A-Yokai-A-Day: The First Wife’s Revenge and The Miraculous Power of the Lotus Sutra

Many of the tales in Shokoku hyakumonogatari have story elements that are found in other famous folk tales. This book was published in the 17th century, but it was certainly influenced by earlier stories from previous eras. And surely it also influenced later stories as well. So it’s hard to know in many cases which story came first, or which one influenced which. Suffice it to say that a lot of successful scary themes are repeated over the years in different stories.

Tonight’s story is a good example of that. You may be familiar with the tale of Hōichi the Earless, whether from Lafcadio Hearn’s book Kwaidan or the the movie based on it. It is certainly a creepy, impactful story. Well you’ll find some similar elements in this one, specifically the power that the Lotus Sutra has in rendering a living person invisible to ghosts. By writing the Lotus Sutra upon one’s naked body, the ghost will perceive you as a Buddhist prayer stick, or perhaps not even at all. You had just better hope that no body parts are left out!

The First Wife’s Revenge and The Miraculous Power of the Lotus Sutra

In the village of Chichibu in Musashi Province there lived a man named Ōyama Hannojō. One day while he was out in front of his house, a traveling monk on a pilgrimage passed by. The monk took one look at Hannojō and said, “You are possessed by a female mononoke. It will not be long before she takes your life.”

Hannojō was startled. “Please come inside,” he said to the monk and invited him into the house.

Hannojō offered his hospitality and explained, “I am embarrassed to talk about this. You see, a while back my first wife died in childbirth, and I only recently took a new wife. However, whether it’s a dream or reality I don’t know, but lately my former wife has been visiting my bedside night after night and waking me up. How can I put her spirit to rest?”

The monk listened to this, and replied, “I thought so… From the moment I saw you I could tell that such a mononoke was haunting you. I will banish it for you.”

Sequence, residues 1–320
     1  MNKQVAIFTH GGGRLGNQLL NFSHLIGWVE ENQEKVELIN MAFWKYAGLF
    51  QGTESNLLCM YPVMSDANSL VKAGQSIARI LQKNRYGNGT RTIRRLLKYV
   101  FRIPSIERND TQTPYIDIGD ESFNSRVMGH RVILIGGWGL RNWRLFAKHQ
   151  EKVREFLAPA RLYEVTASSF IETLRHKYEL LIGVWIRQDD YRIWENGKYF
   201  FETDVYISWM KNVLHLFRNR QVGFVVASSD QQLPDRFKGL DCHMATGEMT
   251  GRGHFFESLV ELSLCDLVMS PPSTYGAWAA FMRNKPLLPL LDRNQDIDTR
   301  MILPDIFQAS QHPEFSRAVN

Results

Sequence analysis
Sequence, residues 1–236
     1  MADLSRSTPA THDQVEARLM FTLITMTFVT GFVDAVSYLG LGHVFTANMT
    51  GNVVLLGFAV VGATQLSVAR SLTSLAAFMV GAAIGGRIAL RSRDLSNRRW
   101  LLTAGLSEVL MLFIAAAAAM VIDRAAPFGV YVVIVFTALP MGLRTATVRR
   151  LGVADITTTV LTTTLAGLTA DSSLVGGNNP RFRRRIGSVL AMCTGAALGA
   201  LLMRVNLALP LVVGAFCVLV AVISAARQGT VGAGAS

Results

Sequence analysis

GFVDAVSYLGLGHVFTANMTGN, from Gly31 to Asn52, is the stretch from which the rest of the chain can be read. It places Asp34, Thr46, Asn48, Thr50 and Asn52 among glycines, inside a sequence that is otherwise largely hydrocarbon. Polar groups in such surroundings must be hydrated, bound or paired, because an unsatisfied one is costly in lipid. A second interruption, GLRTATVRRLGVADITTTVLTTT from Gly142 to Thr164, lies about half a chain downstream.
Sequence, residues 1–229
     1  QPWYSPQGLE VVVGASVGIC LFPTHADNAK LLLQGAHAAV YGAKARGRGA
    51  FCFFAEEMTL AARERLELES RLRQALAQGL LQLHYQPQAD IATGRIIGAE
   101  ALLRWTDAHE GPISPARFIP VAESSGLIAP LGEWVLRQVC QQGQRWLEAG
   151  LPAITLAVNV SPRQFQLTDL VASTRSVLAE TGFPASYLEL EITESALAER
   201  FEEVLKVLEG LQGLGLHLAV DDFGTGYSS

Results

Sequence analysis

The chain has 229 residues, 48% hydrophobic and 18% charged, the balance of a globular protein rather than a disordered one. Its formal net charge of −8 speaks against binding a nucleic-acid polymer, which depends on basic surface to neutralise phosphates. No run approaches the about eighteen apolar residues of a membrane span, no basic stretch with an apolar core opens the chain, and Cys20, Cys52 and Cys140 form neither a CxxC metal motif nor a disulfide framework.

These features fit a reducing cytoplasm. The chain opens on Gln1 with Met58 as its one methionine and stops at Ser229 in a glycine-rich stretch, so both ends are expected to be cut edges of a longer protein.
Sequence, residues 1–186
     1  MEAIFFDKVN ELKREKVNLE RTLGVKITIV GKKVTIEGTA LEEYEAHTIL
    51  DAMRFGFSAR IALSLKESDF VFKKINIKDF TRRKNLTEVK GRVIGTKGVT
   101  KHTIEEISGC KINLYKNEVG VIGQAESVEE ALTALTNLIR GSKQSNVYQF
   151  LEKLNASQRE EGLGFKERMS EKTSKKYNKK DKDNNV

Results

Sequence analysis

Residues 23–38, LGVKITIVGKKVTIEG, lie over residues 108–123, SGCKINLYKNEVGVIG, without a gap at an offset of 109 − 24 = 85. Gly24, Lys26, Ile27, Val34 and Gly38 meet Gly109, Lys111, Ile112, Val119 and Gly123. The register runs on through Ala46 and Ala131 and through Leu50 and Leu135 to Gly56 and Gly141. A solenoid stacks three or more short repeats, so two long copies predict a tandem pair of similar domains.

The monk stripped Hannojō naked and wrote the Lotus Sutra all over his body. Then he stood him in front of his wife’s grave.

“No matter how terrible things may get, you must not breathe heavily,” warned the monk. Then he left.

The grave was up a mountain, far from the house. The night was a dark and lonely. A monkey cried on a distant peak and an owl called out from the pines.

Around 4 am, a rain shower passed overhead. Then, Hannojō’s first wife emerged from a crack her the gravestone. Her breath was ragged and painful. She sat down right on top of Hannojō. She was followed by a little girl of about two years old, who crawled around on the ground.

“Look! I found papa’s feet!” said the child.

The straw mat that Hannojō was wrapped in to keep warm had scrubbed away the portion of the scripture the monk had written on his feet.

The woman became excited, but when she looked closer, she said, “These are no feet! This is a prayer stick!” And she fled in fear.

Before long she reappeared, holding a lantern in her left hand. She picked up the child in her right, and then she headed in the direction of Hannojō’s house. By the time she drew close to the house, her lantern had gone out. Hannojō watched from afar, frozen in fear, wondering what horrible thing she would do to him if he were at his house.

After some time, she returned to the grave. In her hand she was carrying Hannojō’s new wife’s severed head. She sat down on top of Hannojō like she had done before. Then she turned to the little girl and said, “Well, I was planning on killing your father tonight, but he seems to have gone somewhere else. Oh well, this will have to do for now. I have achieved my goal of many years. When I was alive, this woman cursed me, and even in death the pain was unbearable. But now I am happy that I could kill her in this way.”

With those words, the mother and the child re-entered the grave, and the dim light of dawn could be seen in the sky.

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